- relationship investment of perpetrators (as measured by marital
status, how long the couple had been together, and whether or not
they had children)
- characteristics of legal interventions (i.e., history of prior arrests
of perpetrators for domestic disturbances, and whether victims sought
temporary or permanent protective orders)
The research sample consisted of 210 protective order cases filed in January,
August and October of 1990, 1991 and 1992 in Travis County Courthouse, Texas.
These cases represented disputes between heterosexual, intimate partners
where the woman was the victim. All 210 cases had Travis County sheriff's
office or Austin police department records from two years before and two
years after filing of the PO. Statistical analyses explored protective order
effectiveness from different perspectives to account for the influence of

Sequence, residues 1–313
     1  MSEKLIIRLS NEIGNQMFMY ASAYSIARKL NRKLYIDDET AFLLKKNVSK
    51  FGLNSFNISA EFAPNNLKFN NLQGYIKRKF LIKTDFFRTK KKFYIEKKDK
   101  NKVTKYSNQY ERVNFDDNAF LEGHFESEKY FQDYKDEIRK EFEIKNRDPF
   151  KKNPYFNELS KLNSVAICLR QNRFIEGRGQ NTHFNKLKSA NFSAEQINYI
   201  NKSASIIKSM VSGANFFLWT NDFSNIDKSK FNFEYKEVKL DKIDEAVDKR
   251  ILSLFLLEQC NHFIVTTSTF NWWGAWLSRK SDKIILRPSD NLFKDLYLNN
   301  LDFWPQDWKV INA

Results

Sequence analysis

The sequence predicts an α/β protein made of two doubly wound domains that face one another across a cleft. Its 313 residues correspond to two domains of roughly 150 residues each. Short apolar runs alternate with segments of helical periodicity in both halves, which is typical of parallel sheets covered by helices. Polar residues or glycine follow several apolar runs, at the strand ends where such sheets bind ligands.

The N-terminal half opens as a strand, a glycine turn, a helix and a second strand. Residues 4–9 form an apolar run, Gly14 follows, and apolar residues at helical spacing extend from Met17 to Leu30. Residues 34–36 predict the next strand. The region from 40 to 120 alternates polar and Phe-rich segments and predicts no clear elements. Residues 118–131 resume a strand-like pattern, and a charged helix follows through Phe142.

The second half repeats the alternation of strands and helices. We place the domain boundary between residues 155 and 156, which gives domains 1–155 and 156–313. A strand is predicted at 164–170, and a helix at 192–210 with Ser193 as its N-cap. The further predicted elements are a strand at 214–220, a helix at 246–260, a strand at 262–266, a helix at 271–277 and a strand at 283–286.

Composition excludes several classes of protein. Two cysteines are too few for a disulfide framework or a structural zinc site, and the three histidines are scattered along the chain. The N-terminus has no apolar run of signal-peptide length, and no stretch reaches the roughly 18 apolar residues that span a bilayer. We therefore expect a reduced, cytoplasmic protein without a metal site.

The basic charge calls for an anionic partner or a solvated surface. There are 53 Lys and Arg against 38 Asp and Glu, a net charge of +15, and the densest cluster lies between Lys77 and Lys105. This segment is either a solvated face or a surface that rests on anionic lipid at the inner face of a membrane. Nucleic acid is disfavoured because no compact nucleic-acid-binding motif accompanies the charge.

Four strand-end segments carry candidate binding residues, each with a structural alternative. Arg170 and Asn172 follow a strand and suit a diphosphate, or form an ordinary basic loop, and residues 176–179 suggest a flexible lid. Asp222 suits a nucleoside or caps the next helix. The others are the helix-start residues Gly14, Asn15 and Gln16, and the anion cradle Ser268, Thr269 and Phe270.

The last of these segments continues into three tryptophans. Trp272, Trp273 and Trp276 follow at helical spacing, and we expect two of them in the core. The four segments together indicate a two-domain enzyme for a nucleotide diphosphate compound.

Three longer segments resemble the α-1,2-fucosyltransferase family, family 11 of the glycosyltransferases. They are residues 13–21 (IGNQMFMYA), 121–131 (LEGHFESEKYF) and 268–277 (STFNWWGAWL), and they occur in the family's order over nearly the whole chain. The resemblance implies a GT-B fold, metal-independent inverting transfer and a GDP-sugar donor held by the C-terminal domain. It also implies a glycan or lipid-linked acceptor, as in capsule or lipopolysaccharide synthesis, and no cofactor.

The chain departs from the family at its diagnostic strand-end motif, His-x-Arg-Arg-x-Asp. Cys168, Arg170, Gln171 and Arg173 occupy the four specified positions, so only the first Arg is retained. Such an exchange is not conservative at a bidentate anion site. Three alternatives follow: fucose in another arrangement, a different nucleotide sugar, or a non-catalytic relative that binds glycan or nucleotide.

variables.What are the study's main findings?
Filing for a protective order resulted in a significant (66%) decline in
abuse in the cases examined by this study. In the 23% of cases where violence
continued after the PO, however, there was no change in the rate of violence,
suggesting that issuing the PO did not increase abuse.
Researchers found significant differences between protective order cases
when the effects of different variables were considered:
Relationship Investment (children here means biological children of the
woman and her abuser)
- Women with the lowest family income (i.e., under $18K per year) had
significantly less relief from abuse after a PO than other women (53%
decline in re-abuse compared to 71% decline, respectively). However,
poor women who sought permanent PO's had better success in reducing
- African Americans were significantly more likely to report abuse before
and after obtaining a protective order than White or Hispanic Americans.
- African American women experienced a significantly smaller decline
in violence after the PO (54%) than other racial groups (73% decline
for Whites, 74% for Hispanics), and were ten times more likely to